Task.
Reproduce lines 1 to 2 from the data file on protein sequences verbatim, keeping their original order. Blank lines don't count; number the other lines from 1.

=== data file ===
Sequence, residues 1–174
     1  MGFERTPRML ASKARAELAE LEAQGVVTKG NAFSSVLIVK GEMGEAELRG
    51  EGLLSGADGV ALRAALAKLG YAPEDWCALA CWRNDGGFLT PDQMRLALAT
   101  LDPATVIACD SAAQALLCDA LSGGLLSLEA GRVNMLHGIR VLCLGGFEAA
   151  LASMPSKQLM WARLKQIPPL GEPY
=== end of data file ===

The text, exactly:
Sequence, residues 1–174
     1  MGFERTPRML ASKARAELAE LEAQGVVTKG NAFSSVLIVK GEMGEAELRG